Name: St. Anselm and St. Cecilia
Denomination: Roman Catholic
Address: 70 Lincoln’s Inn Fields. WC2A 3JA
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History of the Church
The Church of St. Anselm and St. Cæcilia stands rooted in a past which reaches back three hundred years. The present building, erected in 1909, is very much part of the famous Kingsway development of the Edwardian era. On 6th July, 1909, the last Mass was celebrated in the old Chapel of the Royal Sardinian Embassy. From the early nineteenth century, however, the Chapel had become quite openly, what it had been quietly and illegally for some time before, the parish church for British Catholics who lived in the congested area around Lincoln’s Inn Fields. Known as the Sardinian Chapel from 1720, this nomenclature was last used in 1852. In 1853, the Chapel was called after its titular saint, Anselm, and in 1861, the Pastor, Father William O’Connor, added St. Cæcilia as the second patron. The Chapel bore this double dedication to a saintly Archbishop of Canterbury, and a virgin martyr of the early church until its destruction in 1909. The present church, successor to the historic chapel, proudly retained the protection of St. Anselm and St. Cæcilia. Although the old chapel, which, with the Embassy, was an integral part of Lincoln’s Inn Fields. was demolished in conformity to the London County Council’s plans for the new Kingsway (indeed many seventeenth and eighteenth century buildings in the area disappeared between 1905 and 1910), the memories and traditions of the Sardinian Chapel still cluster about its successor.
The present Church of St. Anselm and St. Cæcilia preserves some of the architectural style of the old Chapel. In addition, it contains some striking reminders of the former Sardinian Chapel. Above the side entrance to the south on an interior wall reposes the Royal Sardinian coat-of-arms. Tradition maintains that the Lady Altar was the High Altar of the old Chapel. During the Blitz, on Wednesday 11th September, 1940 at about 1am, the south part of the Church was bombed with the result that the Lady Altar and the south aisle were damaged. After the war, the ruined chapel and altar were restored. In the church hangs a large painting of the Descent from the Cross reputed by Charles Heckthorn to have been painted by Benjamin West. Rudolph Ackermann, however, felt that the painting had been done by John Marcus Rigaud, RA. In either case, the prevailing opinion is that it was made to replace the altar piece destroyed in the Gordon Riots. In the old Chapel, it hung above the High Altar.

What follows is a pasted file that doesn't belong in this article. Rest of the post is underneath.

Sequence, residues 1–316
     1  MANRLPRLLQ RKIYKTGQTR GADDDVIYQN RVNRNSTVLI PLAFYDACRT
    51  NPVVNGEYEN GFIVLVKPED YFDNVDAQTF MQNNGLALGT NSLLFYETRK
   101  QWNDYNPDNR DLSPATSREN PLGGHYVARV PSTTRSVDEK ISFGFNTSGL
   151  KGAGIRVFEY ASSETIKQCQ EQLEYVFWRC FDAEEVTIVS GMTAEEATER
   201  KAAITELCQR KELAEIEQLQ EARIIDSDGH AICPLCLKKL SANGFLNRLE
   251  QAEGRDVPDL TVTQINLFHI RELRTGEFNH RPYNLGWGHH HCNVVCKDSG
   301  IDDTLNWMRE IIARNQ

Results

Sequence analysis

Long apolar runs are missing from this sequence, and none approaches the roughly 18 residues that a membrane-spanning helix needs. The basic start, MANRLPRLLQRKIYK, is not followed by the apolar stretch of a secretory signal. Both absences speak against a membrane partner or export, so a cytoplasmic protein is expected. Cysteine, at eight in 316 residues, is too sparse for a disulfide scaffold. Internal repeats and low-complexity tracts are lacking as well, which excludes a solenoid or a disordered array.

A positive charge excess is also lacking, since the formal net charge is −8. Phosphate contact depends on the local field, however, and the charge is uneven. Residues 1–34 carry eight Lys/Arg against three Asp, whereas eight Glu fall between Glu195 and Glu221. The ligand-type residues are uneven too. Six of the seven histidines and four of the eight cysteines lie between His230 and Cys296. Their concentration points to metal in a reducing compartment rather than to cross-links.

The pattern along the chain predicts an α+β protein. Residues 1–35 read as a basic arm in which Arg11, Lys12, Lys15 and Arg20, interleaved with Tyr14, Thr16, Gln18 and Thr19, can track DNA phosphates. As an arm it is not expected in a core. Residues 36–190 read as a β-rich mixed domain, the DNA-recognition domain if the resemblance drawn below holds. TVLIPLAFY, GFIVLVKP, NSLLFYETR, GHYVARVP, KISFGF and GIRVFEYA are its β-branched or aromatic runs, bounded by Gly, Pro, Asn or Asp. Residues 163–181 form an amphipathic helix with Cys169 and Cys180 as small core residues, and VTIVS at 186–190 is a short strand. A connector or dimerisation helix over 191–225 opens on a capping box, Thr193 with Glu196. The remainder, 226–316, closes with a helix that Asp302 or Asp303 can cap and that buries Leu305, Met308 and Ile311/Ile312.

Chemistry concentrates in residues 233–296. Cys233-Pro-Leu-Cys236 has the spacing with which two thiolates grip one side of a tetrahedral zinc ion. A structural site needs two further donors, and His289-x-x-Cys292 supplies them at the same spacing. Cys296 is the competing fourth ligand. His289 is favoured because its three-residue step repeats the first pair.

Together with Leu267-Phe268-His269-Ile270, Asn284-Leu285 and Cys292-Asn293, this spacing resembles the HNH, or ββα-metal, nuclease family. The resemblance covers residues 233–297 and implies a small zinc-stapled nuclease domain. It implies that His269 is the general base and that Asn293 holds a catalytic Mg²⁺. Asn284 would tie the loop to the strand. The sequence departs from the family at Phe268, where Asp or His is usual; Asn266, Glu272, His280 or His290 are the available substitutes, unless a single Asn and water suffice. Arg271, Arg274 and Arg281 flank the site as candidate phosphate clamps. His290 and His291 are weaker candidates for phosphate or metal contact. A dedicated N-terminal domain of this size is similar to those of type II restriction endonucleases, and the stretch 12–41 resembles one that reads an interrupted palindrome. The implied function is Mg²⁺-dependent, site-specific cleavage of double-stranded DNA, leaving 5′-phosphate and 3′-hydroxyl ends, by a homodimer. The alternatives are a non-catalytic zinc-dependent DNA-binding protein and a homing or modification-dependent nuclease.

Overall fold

According to an old parchment, which may date from around 1700, the altar stone of the High Altar in the old Chapel, and now in the Lady Altar of the present Church came with its relics from the Lady Chapel of Glastonbury Abbey. Nothing else has yet come to light to substantiate the document. With such treasures from its past, the Church of St. Anselm and St. Cæcilia is forever reminded that it is the living memorial of three centuries of struggle to maintain the Catholic presence in the area of Lincoln’s Inn Fields. In a very real way, the present Church, situated as it is in the heart of the student and tourist district of Holborn and Bloomsbury, continues the ancient tradition of hospitality established by the earlier Sardinian Chapel, of a prayerful haven to all who enter.
Extracts from ‘The Church of St. Anselm and St. Cæcilia – A short history’ by John K. A. Farrell.
Since the time of the Royal Sardinian Chapel, predecessor of the church of St. Anselm and St. Cæcilia, music has been seen as central to the life of this parish. Samuel Webbe and Vincent Novello, the most distinguished of the Chapel’s musicians, organised the first London performances of the Masses of Mozart and Haydn, and this tradition is continued today by the distinguished organist, David Titterington, who brings together a group of professional soloists, often to perform these same works. St. Cæcilia is, of course, the patron saint of music, and in this spirit, Ian Coleman directs the church’s two more regular choirs, the Schola Cæciliana – a junior choir drawn from local schools, who sing at the 10am Mass, and the Schola Anselmi, a group of more advanced singers, at present singing once a month at the 12 noon Mass. While both of these choirs concentrate on the Gregorian repertoire, together with motets in Latin and English, very much in the spirit of the priorities set by Pope Benedict in his recent pronouncements, it is the Schola Cæciliana which plays the greater role in parish life, for it is in bringing the children and young people of the parish to a deeper understanding and love of the Church’s liturgy that the future of this great tradition is best assured. If your child is aged between 7 and 11 and would like to join the Schola Cæciliana, or if you are a good singer who can read music and would like to sing with the Schola Anselmi, please contact Ian Coleman on firstname.lastname@example.org.
ANSELM, bishop and theologian. Born at Aosta, c.1033; died at Canterbury, 1109; canonized 1720. He was in the Benedictine monastery of Le Bec in Normandyfor around thirty years. In 1093, he became the Archbishop of Canterburyand Primate of England. He is called the Father of Scholastic Theology. In his defence of the Church, he suffered much, including exile. His doctrinal works are among the most noteworthy examples of theology and medieval mysticism. Feast day 21st April.
CÆCILIA, martyr. (3rd century). Cæcilia, patron saint for music, is one of the seven martyr women mentioned in the Roman Canon. A noble Roman virgin, she was martyred under Marcus Aurelius for her unwillingness to sacrifice to the gods. Feast day 22nd November.